Given the lack of up-to-date guidebooks, I relied more heavily than usual on Tripadvisor for hotel recommendations, plus reading the few Romania trip reports on fodors.com, and combing through the many bookmarks saved on my browser. I booked either direct, or through booking.com.

By the time I left, on September 23, I had all my hotels and flights arranged, and the most expensive of the train trips. Yes, I’m posting this from Hungary in the middle of October, but I arrived in Romania the end of September. I put a report up on my website for my 2006 visit to Romania titled “Roaming Romania With the Tour Guide From Hell”. If you search on the tour guide’s name – Ciprian Slemcho – my report still shows up almost at the top of the list, and he spent years trying to get me to take it down. (Starting out with threats wasn’t the smartest move, but he isn’t very smart.) I think he has finally given up, and is now doing business under his wife’s name, but I chose not to advertise that I was back in Romania.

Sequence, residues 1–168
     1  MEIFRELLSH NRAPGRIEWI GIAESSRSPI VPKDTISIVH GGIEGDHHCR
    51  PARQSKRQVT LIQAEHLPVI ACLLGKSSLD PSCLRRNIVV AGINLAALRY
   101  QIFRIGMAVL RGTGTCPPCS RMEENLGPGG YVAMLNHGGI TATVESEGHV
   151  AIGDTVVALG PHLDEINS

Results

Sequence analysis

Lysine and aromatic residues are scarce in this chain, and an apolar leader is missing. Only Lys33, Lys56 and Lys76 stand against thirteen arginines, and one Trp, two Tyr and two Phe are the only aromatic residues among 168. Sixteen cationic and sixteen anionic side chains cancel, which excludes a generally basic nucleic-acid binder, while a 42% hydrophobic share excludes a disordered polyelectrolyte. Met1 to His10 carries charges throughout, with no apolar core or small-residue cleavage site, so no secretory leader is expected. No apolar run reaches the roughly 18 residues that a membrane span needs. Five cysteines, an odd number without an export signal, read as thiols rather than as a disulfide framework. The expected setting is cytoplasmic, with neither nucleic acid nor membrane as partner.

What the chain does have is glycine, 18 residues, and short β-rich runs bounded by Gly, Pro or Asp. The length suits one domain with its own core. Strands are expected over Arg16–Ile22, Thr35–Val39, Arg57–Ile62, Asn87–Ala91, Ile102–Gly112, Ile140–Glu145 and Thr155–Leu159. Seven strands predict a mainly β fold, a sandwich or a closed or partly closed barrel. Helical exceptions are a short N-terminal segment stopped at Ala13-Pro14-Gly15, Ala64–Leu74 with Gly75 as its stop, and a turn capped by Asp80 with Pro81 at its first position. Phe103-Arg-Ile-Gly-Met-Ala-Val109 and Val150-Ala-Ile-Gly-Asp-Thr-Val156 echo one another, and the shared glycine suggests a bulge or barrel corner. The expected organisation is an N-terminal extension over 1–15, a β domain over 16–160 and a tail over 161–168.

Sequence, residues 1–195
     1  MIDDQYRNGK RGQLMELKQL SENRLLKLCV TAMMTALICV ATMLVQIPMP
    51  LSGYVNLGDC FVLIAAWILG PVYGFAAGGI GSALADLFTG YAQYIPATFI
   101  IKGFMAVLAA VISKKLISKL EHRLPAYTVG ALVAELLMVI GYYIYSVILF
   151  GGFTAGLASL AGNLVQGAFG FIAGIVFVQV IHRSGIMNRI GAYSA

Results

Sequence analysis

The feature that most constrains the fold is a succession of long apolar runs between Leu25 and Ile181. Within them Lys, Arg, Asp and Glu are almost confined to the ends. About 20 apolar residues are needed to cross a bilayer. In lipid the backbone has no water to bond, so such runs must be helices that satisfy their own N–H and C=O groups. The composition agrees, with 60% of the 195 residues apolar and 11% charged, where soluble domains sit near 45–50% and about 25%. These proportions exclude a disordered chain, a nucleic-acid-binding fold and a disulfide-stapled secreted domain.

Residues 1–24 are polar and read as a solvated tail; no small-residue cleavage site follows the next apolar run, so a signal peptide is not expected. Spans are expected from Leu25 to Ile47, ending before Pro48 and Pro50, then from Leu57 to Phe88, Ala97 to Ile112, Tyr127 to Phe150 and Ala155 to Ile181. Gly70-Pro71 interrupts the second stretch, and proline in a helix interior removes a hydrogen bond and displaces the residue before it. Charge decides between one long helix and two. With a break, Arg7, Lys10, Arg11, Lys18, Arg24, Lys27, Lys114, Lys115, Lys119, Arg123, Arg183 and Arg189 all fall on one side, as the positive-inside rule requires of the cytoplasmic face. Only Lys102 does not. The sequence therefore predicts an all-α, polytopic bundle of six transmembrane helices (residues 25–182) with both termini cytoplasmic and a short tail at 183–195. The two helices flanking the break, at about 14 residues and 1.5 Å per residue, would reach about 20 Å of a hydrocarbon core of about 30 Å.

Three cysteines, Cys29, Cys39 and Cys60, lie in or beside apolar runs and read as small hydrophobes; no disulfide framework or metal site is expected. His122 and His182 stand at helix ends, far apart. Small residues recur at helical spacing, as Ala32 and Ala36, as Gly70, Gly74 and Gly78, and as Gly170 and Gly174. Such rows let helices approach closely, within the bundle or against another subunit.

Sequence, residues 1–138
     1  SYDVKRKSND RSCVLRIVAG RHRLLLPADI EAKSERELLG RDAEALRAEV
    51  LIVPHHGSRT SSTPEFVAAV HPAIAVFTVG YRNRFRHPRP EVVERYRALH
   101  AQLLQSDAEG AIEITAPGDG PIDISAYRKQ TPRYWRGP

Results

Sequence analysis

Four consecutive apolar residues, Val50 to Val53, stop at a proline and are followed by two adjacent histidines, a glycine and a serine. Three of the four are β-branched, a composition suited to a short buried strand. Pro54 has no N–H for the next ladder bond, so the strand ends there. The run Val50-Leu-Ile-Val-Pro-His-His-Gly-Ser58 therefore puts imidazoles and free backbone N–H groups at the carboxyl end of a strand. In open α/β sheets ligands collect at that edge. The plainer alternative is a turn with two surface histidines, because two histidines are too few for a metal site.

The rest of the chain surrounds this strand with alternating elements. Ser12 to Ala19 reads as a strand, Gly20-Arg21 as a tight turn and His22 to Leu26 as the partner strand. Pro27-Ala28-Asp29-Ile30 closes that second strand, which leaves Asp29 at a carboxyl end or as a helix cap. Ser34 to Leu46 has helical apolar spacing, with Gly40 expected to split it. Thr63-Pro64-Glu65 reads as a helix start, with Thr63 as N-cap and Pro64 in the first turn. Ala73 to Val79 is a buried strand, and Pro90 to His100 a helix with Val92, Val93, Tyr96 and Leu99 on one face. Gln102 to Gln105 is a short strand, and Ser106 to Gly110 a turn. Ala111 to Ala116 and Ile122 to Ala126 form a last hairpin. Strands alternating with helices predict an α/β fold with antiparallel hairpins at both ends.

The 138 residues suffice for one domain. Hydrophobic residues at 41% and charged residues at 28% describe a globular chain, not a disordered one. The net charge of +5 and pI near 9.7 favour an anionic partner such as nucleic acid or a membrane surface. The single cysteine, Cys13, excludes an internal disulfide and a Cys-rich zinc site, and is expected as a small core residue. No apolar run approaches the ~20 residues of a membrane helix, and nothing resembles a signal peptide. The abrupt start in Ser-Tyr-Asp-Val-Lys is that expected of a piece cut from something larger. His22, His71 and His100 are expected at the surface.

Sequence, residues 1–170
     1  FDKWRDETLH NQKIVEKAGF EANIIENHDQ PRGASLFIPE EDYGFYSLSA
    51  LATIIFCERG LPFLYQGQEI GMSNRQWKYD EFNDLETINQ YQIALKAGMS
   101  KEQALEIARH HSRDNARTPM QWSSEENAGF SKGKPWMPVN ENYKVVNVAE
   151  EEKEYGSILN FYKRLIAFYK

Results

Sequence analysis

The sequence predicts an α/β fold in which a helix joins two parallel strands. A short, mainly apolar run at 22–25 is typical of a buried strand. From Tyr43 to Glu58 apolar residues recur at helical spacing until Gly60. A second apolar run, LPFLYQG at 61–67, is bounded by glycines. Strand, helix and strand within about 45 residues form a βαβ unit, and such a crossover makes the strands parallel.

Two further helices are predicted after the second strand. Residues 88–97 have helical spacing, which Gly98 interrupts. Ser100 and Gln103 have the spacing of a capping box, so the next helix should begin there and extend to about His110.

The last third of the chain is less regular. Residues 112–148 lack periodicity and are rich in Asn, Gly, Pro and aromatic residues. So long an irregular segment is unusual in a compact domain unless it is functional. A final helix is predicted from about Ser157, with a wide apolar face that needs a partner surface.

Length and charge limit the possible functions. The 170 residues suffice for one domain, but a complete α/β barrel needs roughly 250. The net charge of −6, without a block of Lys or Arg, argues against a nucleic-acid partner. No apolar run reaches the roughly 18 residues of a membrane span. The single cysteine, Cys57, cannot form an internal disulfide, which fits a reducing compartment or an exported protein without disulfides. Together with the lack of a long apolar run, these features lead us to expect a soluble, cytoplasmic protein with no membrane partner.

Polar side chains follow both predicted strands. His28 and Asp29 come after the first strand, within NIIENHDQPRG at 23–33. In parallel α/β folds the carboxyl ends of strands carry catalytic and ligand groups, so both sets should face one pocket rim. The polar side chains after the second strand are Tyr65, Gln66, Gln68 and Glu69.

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Ready Or Not

Ever since I got back from Canada at the end of July I’ve been consumed with planning for my upcoming round-the-world trip. My blog post on Quebec City and Montreal didn’t make it past the first paragraph, in which I explained that to someone living in the Turkish-bath heat of North Carolina, 83 Fahrenheit was a pleasant change and in no way a heat wave. To make up for the missing post I’ll put some of my Canada photos into this post, which is otherwise all about getting ready to head out for six months travel.